Didacticism in the 21st century

At 3.45am with the rain pouring hard outside, a sentiment occurs to me: I am tired of poems trying so hard for that twist in the last line, especially when they link it to regret, love, insert huge name emotion. Welcome to the nature of the didactic style in the 21st century, ladies and gentlemen. In the past, didactic works came in the form of plays of Good and Evil, and that’s where you get your mighty Hero whom you will always side with, and the inexplicably evil Villain who is evil because he is evil. Literature has evolved, much like propaganda: didacticism now comes masked in another form, but when you know how to look out for it, it becomes much too apparent. How do you tell? When a piece of work would have stood well (or perhaps lousily) by itself, but this out-of-place line meant to tug at your heart strings and make you save it as a favourite piece of work merely by the sentiment expressed by that line gets inserted at the end.

I’m just a jaded poetry reader, ladies and gentlemen, but I do think that the last-line technique is overused and we need to do something more interesting with our art.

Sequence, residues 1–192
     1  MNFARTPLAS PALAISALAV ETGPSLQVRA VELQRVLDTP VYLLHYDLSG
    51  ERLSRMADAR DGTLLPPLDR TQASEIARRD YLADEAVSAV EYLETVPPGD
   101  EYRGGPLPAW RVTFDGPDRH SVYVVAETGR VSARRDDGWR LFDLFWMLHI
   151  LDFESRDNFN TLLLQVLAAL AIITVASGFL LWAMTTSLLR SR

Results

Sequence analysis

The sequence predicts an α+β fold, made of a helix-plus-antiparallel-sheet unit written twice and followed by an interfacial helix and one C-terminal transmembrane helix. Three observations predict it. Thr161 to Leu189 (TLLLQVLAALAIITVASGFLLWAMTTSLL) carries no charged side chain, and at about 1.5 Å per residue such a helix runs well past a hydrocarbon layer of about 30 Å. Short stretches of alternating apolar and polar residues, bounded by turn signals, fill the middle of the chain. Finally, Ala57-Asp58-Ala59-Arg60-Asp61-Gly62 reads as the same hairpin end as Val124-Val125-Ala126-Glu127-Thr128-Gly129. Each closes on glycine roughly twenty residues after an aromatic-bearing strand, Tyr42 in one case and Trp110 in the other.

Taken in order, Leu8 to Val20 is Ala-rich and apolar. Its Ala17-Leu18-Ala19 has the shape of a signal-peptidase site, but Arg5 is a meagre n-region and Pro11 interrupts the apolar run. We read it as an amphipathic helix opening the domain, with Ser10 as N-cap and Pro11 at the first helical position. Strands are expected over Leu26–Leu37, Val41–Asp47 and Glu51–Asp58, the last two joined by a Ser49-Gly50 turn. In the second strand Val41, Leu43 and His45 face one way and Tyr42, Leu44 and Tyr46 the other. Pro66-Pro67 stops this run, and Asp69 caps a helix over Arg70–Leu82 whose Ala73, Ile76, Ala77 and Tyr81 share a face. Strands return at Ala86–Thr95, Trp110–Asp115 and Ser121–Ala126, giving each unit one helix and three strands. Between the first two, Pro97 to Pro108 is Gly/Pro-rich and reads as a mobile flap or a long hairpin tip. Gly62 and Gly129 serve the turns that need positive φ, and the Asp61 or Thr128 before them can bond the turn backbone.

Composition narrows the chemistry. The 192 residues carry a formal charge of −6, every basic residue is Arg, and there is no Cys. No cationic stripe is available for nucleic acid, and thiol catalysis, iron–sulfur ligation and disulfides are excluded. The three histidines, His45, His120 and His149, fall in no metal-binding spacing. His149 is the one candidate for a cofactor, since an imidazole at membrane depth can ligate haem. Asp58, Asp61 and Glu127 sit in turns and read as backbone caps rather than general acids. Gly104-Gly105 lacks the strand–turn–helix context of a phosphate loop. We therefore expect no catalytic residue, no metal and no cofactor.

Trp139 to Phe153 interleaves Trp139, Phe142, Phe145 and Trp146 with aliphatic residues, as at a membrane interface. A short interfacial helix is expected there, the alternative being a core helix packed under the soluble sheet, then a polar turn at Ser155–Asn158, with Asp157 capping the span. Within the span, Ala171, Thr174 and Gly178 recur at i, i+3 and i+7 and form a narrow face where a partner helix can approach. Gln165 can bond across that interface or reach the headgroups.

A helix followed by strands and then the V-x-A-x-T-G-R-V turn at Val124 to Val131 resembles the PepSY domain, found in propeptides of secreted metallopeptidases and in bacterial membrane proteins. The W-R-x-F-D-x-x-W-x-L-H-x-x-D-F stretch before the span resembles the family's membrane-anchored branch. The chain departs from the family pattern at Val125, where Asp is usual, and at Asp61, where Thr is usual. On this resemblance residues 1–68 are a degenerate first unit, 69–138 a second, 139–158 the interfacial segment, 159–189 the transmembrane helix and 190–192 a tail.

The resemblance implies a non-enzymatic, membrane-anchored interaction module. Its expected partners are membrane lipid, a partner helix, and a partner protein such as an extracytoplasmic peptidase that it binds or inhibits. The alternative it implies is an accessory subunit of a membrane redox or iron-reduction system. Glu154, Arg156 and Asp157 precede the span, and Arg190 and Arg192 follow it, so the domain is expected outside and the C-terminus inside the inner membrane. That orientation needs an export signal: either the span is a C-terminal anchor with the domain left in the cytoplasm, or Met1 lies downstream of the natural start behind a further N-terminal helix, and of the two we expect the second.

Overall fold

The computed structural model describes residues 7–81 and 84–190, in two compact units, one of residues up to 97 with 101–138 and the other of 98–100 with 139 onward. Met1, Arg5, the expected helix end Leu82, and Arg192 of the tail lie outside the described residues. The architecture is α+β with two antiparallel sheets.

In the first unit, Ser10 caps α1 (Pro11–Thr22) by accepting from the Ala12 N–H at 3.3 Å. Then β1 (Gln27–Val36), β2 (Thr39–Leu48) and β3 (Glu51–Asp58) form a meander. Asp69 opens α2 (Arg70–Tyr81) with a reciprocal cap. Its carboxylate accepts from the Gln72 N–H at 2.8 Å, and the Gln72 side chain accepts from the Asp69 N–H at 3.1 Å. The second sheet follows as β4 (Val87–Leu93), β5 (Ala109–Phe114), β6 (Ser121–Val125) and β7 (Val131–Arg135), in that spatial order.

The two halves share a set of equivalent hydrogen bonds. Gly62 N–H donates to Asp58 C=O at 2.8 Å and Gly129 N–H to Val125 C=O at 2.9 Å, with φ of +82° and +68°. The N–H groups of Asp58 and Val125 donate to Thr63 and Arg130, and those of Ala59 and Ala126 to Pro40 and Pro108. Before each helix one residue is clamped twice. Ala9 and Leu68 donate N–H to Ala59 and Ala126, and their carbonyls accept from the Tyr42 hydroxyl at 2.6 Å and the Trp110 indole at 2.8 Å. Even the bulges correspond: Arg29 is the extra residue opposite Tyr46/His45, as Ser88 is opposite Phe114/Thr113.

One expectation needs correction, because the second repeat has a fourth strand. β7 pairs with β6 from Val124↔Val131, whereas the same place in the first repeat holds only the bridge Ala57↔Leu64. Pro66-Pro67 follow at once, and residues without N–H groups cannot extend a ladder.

I present to you the work that sparked the above grumbling; apologies to the poet and poem:

“What’s So Amazing”
Nate Pritts

I have entered a cloud
& I am sore afraid;

I am standing
alone & the light

is dazzling bright.
There was a moment

when I knew the steps
I was taking would lead

where I needed
to go so I took them,

I did it,
I took those steps

& I was awake
in my own life & you

do not understand
it is not you it is me,

me wanting, me needing
something outside

to anchor this regret to.




  1. yashan · August 21, 2013

    gosh, a poem that totally reflects my current state of mind. thanks for sharing, zhixin!!

    • melodily · August 21, 2013

      your current state of mine is so emo yapi!

Leave a Reply

Fill in your details below or click an icon to log in:

WordPress.com Logo

You are commenting using your WordPress.com account. Log Out / Change )

Twitter picture

You are commenting using your Twitter account. Log Out / Change )

Facebook photo

You are commenting using your Facebook account. Log Out / Change )

Google+ photo

You are commenting using your Google+ account. Log Out / Change )

Connecting to %s